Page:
If you ask someone to name the biggest Korean teen films of the last decade or so, you would get basically the same 3 films. The first film never really impressed me, but took over South Korea in the summer of 2001, My Sassy Girl. The second would be different depending on the person, some people might name My Boyfriend is Type B while others would name A Millionaire’s First Love (for no reason other than pure love for Hyun Bin). The third film is a special case where a teen film can be categorized as a family film, and then quickly take over South Korea in the spring of 2004. One of the few teen films that hit it big: My Little Bride.

Yes, this is a film about teenage marriage. It’s also one of the best career choices Moon Geun-young and Kim Rae-won (who I’ll always love for Cat on the Roof) ever made. This is the film that made Geun-Young Korea’s little sister (yes, IU didn’t always own that title). This is also the only youth film that rivals My Sassy Girl in classic teen blockbuster status. Although very much family oriented, I count this as one of the top (and weirdest) Korean teen films.

Time to address the elephant in the room, My Little Bride is a remake of the hit 2002 HK film My Wife is 18. This definitely brings down the awesomeness of the MLB, but the differences between the films are big enough to give this remake its own worth. I totally recommend both films, since they both offer different stories to the audience.

MLB is a very special movie, because it isn’t really anyone’s number one. Although recognised by any Korean film watcher, MLB is never the first teen film to come to mind. This is most likely because the plot stairs towards that of an adult rom-com. I mean, it’s pretty hard to admit that your fave Korean movie is about a 16 year old marrying a guy that has survived in the army.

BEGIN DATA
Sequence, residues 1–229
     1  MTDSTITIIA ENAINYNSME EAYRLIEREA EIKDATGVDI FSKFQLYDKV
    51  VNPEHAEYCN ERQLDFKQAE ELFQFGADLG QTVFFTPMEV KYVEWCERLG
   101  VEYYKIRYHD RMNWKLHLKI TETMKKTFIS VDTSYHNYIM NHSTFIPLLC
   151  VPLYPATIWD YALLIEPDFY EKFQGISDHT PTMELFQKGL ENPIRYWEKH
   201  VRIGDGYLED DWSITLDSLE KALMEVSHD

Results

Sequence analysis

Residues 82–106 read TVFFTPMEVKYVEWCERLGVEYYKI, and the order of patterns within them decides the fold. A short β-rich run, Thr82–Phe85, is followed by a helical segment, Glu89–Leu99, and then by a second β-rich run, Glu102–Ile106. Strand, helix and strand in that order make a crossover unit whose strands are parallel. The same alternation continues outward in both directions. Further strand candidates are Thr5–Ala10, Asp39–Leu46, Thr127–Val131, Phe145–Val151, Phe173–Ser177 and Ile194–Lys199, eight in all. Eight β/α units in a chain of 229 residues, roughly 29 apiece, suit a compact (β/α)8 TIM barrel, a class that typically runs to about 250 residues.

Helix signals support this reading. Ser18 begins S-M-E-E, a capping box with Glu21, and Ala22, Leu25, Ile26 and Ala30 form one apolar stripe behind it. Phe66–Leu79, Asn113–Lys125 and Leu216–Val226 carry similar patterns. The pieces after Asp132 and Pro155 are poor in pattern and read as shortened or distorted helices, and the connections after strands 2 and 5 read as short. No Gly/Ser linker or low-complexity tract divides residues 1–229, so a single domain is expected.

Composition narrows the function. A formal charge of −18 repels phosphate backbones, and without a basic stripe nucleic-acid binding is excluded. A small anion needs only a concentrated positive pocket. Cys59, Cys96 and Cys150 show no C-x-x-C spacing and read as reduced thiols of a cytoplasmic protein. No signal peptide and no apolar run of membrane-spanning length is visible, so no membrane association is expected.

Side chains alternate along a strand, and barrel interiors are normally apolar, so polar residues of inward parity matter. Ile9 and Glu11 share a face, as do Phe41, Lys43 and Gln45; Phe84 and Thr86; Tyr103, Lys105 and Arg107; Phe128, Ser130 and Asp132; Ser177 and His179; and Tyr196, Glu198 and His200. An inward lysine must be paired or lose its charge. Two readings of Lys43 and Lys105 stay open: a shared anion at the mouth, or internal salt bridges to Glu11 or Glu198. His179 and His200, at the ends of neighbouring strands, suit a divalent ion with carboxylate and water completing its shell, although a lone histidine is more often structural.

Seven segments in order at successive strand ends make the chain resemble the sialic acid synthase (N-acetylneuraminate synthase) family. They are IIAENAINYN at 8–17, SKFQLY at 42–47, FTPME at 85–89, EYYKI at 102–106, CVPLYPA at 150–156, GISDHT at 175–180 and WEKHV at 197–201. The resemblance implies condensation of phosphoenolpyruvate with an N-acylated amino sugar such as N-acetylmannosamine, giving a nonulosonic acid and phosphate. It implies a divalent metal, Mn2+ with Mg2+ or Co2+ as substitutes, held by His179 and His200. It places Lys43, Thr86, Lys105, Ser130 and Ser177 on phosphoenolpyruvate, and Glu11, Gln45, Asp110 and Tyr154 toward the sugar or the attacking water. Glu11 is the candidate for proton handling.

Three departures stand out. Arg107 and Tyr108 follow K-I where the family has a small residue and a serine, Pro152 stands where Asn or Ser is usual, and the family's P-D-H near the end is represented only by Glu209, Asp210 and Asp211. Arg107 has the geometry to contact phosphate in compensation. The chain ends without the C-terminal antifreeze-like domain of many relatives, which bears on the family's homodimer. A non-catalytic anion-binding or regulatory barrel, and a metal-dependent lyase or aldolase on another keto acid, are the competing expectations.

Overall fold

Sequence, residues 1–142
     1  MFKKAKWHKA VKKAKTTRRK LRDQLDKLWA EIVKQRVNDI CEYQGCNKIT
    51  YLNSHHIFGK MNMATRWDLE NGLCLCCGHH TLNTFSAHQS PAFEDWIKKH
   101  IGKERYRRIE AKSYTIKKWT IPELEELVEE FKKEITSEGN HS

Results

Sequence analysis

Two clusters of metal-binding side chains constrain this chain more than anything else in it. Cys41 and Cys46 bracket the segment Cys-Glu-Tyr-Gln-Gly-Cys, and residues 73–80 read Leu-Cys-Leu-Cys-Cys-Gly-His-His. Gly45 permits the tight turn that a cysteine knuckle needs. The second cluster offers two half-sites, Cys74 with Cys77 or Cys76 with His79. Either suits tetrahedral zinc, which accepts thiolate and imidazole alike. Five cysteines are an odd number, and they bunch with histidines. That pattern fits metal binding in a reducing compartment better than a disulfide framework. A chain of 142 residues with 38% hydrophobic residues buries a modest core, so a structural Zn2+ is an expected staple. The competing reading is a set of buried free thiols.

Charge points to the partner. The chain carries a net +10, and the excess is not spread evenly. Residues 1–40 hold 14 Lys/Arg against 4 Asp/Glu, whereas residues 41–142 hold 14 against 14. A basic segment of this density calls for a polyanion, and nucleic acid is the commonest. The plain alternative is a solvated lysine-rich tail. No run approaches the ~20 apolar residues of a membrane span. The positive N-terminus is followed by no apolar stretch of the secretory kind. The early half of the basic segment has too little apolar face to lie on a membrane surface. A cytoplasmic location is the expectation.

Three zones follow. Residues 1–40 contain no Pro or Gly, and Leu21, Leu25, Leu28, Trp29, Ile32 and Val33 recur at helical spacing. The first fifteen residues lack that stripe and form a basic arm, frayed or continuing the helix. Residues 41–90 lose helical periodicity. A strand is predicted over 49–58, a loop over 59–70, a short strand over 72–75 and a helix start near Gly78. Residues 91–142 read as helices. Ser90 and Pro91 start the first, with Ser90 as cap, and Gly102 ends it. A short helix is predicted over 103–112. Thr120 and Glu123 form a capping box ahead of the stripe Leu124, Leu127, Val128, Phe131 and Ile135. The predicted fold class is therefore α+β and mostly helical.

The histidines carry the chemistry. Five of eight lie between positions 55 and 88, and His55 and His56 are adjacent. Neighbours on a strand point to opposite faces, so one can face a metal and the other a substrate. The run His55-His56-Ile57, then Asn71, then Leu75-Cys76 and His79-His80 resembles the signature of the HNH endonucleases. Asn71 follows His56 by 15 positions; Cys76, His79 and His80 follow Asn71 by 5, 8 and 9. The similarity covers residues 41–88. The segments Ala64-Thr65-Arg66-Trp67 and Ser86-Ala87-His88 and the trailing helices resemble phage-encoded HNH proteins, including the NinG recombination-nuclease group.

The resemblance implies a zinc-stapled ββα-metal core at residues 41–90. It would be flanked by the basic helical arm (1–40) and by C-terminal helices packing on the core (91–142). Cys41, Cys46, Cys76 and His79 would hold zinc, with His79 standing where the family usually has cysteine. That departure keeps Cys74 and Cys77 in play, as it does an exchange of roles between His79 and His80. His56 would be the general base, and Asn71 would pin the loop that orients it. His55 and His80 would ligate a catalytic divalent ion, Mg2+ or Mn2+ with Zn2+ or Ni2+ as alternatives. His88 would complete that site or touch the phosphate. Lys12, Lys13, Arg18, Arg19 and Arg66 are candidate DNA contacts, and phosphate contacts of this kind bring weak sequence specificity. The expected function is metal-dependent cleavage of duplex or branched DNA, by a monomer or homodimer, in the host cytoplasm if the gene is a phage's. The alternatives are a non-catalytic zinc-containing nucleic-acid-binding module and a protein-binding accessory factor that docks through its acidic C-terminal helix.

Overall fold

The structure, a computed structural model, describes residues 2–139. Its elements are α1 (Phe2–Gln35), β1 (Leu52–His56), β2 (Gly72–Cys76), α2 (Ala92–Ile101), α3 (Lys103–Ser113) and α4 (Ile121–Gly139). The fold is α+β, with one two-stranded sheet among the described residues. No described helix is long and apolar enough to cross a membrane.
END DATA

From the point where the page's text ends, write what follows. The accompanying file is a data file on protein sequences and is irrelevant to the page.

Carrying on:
Synopsis from IMDb:

A teenage girl tries to continue her normal social and school life, after her grandfather forces her into an arranged marriage with a man in his twenties.

Needless to say, shenanigans and other stereotypical Korean rom-com problems ensue. Viewers are taken on a very funny and fun rollercoaster with both the characters and plot getting more random and hilarious with time. You have the fake relationship, the OTP share a home, and both leads end up thinking the other is cheating. Oh yeah, the male lead ends up being his wife’s art teacher…

Some people may argue that the film can be a little ditzy, or there was a bunch of random holes in the plot, while others might say the romance needed a little something. Although I disagree with almost all negative criticism about this film, I have to admit that this was one of the worst endings in a movie (like ever)! Do yourself a favour and watch the film up to the last ten minutes. Whenever you feel curious about the end *Spoiler Alert* remember this is a rom-com, so there has to be a happy ending… I just can’t promise that it’ll be sane and not cliquey.

Acting: I won’t take off points for over exaggerated faces, because this is a Korean film, and that’s just what Koreans do. The two leads really went places after this film. Plus, audiences get introduced to a young Shin Se-kyung. (7.5/10)

Story: Hilarious, although technically not original, still totally worth a LMApplesO. (8/10)

Impact: It wasn’t until 2011 (with Sunny and Punch) that Korea was able to produce another teen film that the whole family would love. So yeah, MLB had a lot of impact. Plus, where else can you see Moon Geun-young fall off a balcony (8/10)

Production: I can’t say this movie stands out from most movie made around that time, but I tip my hat to the director for showing me how a set can be taken apart (this is a pretty normal way to end a Korean film, yeah, I don’t get it either). (7/10)

Total: 7.76/10

P.S. Who else wonders about that scene with the pencil? Commenters feel free to go crazy over Geun-young’s age, but remember that Suzy was only 16 when she filmed Dream High (this is the way Korea works sometimes).

(IMDb, Hancinema)